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FAB FIVE: Parenting Survival Tips

By Jackie Burrell
Tuesday, April 29th, 2008 at 11:24 am in Advice, Kids & Tweens.

Breaking down barriers (illus. by Beto Alvarez) Parenting teen and tween daughters brings its own special joys and challenges. So here, from one of our favorite parenting experts, Ksenija Olmer from the John Muir Women’s Health Center, are five tips to help parents of adolescent girls survive the rollercoaster ride:

1. Remember this too, shall pass. (And when it does, try to be the better person and not drag up the embarrassing moments.)

2. Understand that your daughter saves the worst for you because she knows you will love her despite anything. Your friends and neighbors, her teachers are telling you what a wonderful, polite, helpful girl she is. Don’t say, “Are you sure you didn’t mix her up with someone else?” Smile and glory in the fact that, despite your fears, she is growing up to be a responsible member of our society. She is successful in presenting herself in the best light outside the home, so she can fall apart when she makes it through the door.

3. Keep your cool. Many times girls say things and act in ways that are not true to themselves, just to see if they can provoke you. Tattoos, piercings, hitchhiking to Santa Cruz or dropping out of high school? Don’t say, “Over my dead body!” Calmly reply “Tell me more. What is your reasoning behind this?” There usually isn’t any.

4. Stand your ground, but give her some negotiating room. As a parent you have a duty to provide your daughter with guidance, rules and boundaries that keep her safe. But those boundaries should be eased as she proves her maturity, or tightened if she breaks them — and most girls will.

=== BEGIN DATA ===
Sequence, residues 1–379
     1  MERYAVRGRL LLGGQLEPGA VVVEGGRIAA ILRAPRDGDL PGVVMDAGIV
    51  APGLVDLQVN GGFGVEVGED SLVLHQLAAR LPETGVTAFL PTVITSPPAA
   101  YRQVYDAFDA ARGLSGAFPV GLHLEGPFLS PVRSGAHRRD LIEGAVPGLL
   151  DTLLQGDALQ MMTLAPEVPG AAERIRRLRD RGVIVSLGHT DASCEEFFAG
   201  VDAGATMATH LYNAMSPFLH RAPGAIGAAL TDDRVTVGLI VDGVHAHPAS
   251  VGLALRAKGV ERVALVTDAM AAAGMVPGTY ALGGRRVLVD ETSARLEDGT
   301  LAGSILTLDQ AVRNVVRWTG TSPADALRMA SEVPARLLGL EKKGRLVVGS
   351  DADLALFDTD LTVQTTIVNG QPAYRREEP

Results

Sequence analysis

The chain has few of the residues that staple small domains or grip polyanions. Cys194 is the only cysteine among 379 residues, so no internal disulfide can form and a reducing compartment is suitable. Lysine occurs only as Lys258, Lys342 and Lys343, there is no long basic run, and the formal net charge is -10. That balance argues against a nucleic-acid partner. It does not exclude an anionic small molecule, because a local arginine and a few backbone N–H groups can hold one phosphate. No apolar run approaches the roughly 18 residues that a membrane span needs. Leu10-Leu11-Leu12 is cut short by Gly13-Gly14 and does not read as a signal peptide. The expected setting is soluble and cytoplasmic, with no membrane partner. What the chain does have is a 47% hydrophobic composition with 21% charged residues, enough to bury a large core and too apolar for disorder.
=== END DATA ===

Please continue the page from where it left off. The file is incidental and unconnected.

5. Take care of yourself. Don’t always put yourself last. Show your daughter by example that a woman should value herself, her mind, soul, body, and health. Nurture your marital relationship. Couples who play together, stay together. Schedule regular dates, walks, dinners with friends, short trips or even mini-vacations, if you have good supervision for your daughter.

And finally, remember, says Ksenija, that “there are no Perfect Mothers, just Good Enough Mothers. Don’t beat yourself up for your inadequacies. You will make mistakes, sometimes warranting an ‘I am sorry’ or ‘I was wrong.’ You are only human, not God. If you will recall, even s/he had trouble with Adam and Eve.”

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